When it Comes to the Post Office, “Reform” Can be a Misnomer


Today, the Council for Citizens Against Government Waste denounced S. 1486, the Postal Reform Act of 2013. The Senate bill bails out the Postal Service (USPS), favors unions over consumers and taxpayers, and fails to prevent USPS’s bankruptcy. The bill, introduced by Senators Tom Carper (D-Del.) and Tom Coburn (R-Okla.) on Thursday, prevents USPS from implementing many of the reforms that CCAGW has long insisted are essential to right-sizing the Postal Service and sparing taxpayers the consequences of its collapse.

“While we at CCAGW appreciate any effort to right the ship at USPS, S. 1486 fails to create the kinds of changes that will have a meaningful impact on the Postal Service’s bottom line”

For example, rather than allowing USPS to close excess plants and processing facilities that have become expendable in light of declining mail volumes, S. 1486 would block USPS from closing unnecessary facilities and post offices for two years. In a November 21, 2011 speech before the National Press Club, Postmaster General Patrick Donahoe pointed out that “roughly 25,000 out of our 32,000 Post Offices operate at a loss.” He added that thousands of post offices have less than $20,000 in annual revenue yet cost more than $60,000 to operate, and many of these unprofitable locations are a few miles away from another post office. Any legislation that does not demand that USPS take swift steps to close excess postal facilities is unacceptable.

Despite the fact that more than 80 percent of USPS’ expenses are labor costs, the bill avoids the issue of reducing its labor force. It also removes the existing cap on price hikes for first-class mail, a policy that will likely increase consumers’ transition away from USPS and toward electronic alternatives, therefore defeating the provision’s intended purpose of increasing revenue. The bill also encourages USPS to pursue other forms of revenue (such as a clothing line), even if doing so means engaging in direct competition with existing industries, and requires no plan or commitment that such ventures be profitable. Not content with its monopoly over the mail, USPS would be allowed to crowd in on other firms’ market share.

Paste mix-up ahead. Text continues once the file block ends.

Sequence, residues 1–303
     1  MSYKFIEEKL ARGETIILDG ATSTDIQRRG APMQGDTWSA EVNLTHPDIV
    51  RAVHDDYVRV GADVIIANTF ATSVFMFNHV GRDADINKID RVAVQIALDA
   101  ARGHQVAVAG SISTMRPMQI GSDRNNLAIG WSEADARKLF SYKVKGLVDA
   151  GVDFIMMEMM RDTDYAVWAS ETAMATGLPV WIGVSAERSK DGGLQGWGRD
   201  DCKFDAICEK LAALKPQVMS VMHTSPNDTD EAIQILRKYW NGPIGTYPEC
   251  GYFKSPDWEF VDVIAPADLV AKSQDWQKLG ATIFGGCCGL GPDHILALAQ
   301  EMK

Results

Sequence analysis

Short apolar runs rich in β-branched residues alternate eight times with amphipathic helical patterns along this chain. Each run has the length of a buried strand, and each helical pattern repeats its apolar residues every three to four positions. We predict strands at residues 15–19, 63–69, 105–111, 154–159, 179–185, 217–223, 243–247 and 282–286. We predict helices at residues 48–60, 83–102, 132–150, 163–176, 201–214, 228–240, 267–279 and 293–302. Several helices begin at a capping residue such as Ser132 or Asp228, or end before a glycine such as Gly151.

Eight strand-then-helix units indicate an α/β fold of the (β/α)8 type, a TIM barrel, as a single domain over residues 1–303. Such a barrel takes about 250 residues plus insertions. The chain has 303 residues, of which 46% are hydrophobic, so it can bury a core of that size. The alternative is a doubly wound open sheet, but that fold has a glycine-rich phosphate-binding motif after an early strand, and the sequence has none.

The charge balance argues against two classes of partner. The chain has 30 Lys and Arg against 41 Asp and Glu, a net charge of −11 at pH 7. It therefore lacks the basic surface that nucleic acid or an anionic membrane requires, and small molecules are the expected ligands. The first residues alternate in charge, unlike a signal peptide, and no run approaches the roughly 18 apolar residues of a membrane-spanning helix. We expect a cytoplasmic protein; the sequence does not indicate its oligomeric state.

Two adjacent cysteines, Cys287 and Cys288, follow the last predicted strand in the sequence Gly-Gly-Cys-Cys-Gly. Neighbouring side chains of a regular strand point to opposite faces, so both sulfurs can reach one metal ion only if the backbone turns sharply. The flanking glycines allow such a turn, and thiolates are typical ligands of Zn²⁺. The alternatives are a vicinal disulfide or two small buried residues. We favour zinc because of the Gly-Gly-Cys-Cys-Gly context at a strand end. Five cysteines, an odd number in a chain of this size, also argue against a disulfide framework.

The legislation will worsen the flow of red ink at USPS, which lost $8.5 billion in fiscal year (FY) 2010, $5.1 billion in FY 2011, and a staggering $15.9 billion in FY 2012. In the second fiscal quarter of FY 2013, USPS lost another $1.9 billion. Decreased demand has resulted in dwindling incomes at USPS; first class mail, which makes up more than half of USPS revenue, peaked in 2006, and fell 20 percent over the next four years. In short, the USPS business model is broken; half-measures and compromises cannot revive the organization.

“While we at CCAGW appreciate any effort to right the ship at USPS, S. 1486 fails to create the kinds of changes that will have a meaningful impact on the Postal Service’s bottom line,” said CCAGW President Tom Schatz. “S. 1486 tackles an important issue for taxpayers, but its effects would be worse than doing nothing. The Senate should quickly go back to the drawing board; USPS is sinking fast.”

The Council for Citizens Against Government Waste (CCAGW) is the lobbying arm of Citizens Against Government Waste, the nation’s largest nonpartisan, nonprofit organization dedicated to eliminating waste, fraud, abuse, and mismanagement in government.

All opinions expressed on USDR are those of the author and not necessarily those of US Daily Review.

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